Huh what? Negative thinking has power? You might wonder. One Talin explains that negative thinking is very essential for engineers. He explains:
We know what happens when engineers only think positively:
- The build bridges that fall down
- They build trains that derail
- They build space shuttles that blow up.
He goes on further:
In order to insure the integrity of their work, engineers must ruthlessly and relentlessly hunt down and eliminate their own errors. They must have a total commitment to the task of cleansing their design of even the smallest flaw. And they must resist the human temptation to take the short view, to say good enough too soon. Instead, they maintain an unreasonable persistence and patience, utilizing negative thinking, pessimism, and, perhaps, paranoia to assume there are still flaws remaining in the design even when there aren’t. Perhaps words such as paranoid and pessimistic aren’t correct, but they are words actual working engineers have used to describe themselves and their feelings towards their craft. What if the unthinkable really does happen? they say. What if all the backup systems fail?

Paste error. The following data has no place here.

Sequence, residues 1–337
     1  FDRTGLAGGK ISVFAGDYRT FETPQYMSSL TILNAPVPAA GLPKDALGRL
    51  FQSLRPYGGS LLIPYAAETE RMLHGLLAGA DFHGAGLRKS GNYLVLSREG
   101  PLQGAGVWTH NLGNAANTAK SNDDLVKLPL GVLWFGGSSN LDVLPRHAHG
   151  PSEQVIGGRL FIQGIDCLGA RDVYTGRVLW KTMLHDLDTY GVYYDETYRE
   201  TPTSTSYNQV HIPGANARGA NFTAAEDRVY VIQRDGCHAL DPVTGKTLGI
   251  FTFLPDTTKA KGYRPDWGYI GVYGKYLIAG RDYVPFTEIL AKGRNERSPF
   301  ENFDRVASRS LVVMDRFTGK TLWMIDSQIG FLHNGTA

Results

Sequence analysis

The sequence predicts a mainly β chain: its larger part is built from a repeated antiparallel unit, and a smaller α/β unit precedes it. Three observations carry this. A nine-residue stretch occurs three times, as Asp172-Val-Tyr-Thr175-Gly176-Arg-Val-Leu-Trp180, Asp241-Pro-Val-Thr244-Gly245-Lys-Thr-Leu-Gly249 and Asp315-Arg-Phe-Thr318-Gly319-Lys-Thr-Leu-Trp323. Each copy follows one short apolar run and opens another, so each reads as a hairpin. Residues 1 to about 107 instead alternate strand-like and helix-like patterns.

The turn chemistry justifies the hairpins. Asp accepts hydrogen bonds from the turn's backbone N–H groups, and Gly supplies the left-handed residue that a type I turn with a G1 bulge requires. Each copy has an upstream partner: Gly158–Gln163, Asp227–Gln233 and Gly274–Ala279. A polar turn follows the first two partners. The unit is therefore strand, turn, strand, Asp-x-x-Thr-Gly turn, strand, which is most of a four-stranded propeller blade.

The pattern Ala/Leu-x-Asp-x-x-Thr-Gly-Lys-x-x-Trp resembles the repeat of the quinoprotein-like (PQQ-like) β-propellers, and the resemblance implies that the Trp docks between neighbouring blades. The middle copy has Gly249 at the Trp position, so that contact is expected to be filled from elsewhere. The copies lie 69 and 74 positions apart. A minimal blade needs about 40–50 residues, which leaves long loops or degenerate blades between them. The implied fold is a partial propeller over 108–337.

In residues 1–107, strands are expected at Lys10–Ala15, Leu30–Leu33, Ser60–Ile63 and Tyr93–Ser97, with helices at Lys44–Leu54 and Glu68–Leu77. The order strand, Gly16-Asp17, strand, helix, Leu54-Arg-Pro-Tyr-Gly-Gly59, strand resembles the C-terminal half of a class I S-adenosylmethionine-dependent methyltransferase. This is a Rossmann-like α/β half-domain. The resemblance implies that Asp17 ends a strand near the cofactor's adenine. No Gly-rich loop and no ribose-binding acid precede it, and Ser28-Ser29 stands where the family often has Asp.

He asks, “How do engineers develop these attitudes (that of paranoia and pessimism?). He says the entire mythology is with engineers:
One particularly strong mythic motif is exemplified by Murphyís Law, coined by a test engineer at Edward Air Force Base: If it can go wrong, it will go wrong. There is an entire panoply of corollary and associated laws, enough to fill a medium-sized book. The common thread that binds these laws together is the assumption there is something far more perverse than just the laws of random chance at work. It is a superstition, not only the source of much humor but also much utility.
A nice quote to be carried away from his work is:
Systems that work perfectly for the first time can make master engineers tremble with fear.